The Skinnythick Six: 6 Reasons to Excercise
Exercise is part of a strategy for overall healthy lifestyle. Even modest exercise can have great benefits to you and help to increase your rate of weight loss if you are on a diet. If you like to eat, a vigorous exercise routine will allow you to eat larger servings of the foods that you crave (although that might not be the best use of your calories). Exercise can also extend your life by strengthening your core, muscles and reinforcing your bone support.
In addition to the list below, check out my Pinterest post on the topic!
Here are SKINNYTHICKSIX on EXERCISE!
1. Reduces Blood Pressure!
High blood pressure is a lead contributor to heart disease. High blood pressure can be the result of plaque build-up in your arteries as a result of eating too many high-fat content foods. Exercise helps reduce your blood pressure, in part, by attacking the plaque in your arteries. As the arteries widen, the blood flows through more freely, and your blood pressure eventually starts to drop. Hypertension also decreases as the result of exercise because your heart, a muscle, is getting a workout. The stronger your heart muscle gets, the greater its ability to pump blood through the arteries, which also helps to reduce your blood pressure.
2. Helps Reduce the Risk of Diabetes
The onset of Type 2 Diabetes is a major issue, especially in recent times where there is greater access to fast foods and high sugar content drinks. Type 2 diabetes presents a serious risk to your well-being. Regular exercise can help improve your body’s ability to metabolize glucose, which is a key factor in your ability to ward off this disease.
3. Keeps Your Bones Strong
As we grow older, we lose bone strength. However, exercise is a key to helping us to maintain bone health. Specifically, resistance training, in which we lift weights, helps to strengthen our bones. Researchers suggest that we need no less than an hour a week of increasingly strenuous weight-lifting to work to improving your bone health.
4. Reduces the Risk of Arthritis
Exercise, in moderation, can help to address the symptoms of arthritis. Arthritis occurs due to abnormalities in the cartilage and outgrowth of bones in the joints. Indeed, unlike the other physical benefits of exercise, reducing the chances of arthritis doesn’t depend on heavy duty aerobic activity or even weight training. (Actually, you can increase the risk of arthritis if you do too much of the wrong kind of exercise – such as running on concrete.) Instead, consider exercises which allow you to engage in stretching and flexibility training through yoga, Tai Chi, or other ways to increase the range of movement of your joints. This will lower the risk of injury through muscle tears or torn ligaments, and in the process protect your joints from damage caused by overuse.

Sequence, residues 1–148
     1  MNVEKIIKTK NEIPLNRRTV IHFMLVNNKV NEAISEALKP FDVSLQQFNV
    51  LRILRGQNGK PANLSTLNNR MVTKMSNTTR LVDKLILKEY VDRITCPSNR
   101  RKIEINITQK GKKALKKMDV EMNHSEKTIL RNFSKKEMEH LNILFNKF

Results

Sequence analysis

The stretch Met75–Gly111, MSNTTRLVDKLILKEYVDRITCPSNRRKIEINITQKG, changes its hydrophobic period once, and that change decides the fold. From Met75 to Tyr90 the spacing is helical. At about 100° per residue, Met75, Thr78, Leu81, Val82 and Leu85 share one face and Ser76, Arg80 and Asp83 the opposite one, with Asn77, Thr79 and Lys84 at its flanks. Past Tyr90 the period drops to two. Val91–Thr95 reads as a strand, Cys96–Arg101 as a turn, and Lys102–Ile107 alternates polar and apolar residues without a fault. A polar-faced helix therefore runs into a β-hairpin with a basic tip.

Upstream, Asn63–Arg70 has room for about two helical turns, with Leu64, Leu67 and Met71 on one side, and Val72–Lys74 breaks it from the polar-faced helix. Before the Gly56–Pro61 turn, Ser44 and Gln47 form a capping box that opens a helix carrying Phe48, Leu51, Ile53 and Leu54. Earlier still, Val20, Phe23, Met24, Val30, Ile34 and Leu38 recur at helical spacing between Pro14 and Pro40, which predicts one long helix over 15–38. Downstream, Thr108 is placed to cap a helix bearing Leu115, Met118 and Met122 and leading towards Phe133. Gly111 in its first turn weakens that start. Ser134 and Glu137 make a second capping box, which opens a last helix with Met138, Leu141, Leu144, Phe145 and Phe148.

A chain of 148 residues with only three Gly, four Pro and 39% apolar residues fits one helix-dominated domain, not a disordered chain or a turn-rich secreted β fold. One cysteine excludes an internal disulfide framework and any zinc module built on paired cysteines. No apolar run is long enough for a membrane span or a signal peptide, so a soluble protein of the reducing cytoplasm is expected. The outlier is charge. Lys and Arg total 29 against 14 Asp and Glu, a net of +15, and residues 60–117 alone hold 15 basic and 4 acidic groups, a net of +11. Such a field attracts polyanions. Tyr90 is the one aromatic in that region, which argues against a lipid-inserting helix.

5. It Helps You Sleep!
Exercise helps you to sleep better in the evening. The physical exertion helps to regulate your body’s rhythm cycle. In turn, a good night’s sleep helps to improve immune functioning and even lowers the risk for heart disease and diabetes!
6. Finally – Exercise Lowers the Risk of Dementia!
Exercise improves blood flow to the brain and improves your overall mental faculties. In addition, it lowers your chances for developing dementia based on cardiovascular illness because of the improved blood flow to your entire body, including your brain. Because dementia due to cardiovascular disease is hard to distinguish from other forms of dementia, it’s hard to say that exercise could actually slow or prevent Alzheimer’s disease. However, by nourishing your brain, exercise can give you an added advantage that might help combat this otherwise untreatable disease. It’s even possible that exercise can help slow or prevent Alzheimer’s disease by improving your glucose and fat metabolism because some of the brain alterations found in Alzheimer’s disease may be due to abnormalities in these processes. For example, researchers have found recently that lowering a person’s risk for diabetes can lower the risk of Alzheimer’s disease. It’s possible that lack of a healthy lifestyle may have led the illness to develop in many older adult sufferers today. To the extent that exercise is more prevalent now than in years past, there may actually be a decrease in dementia in the future.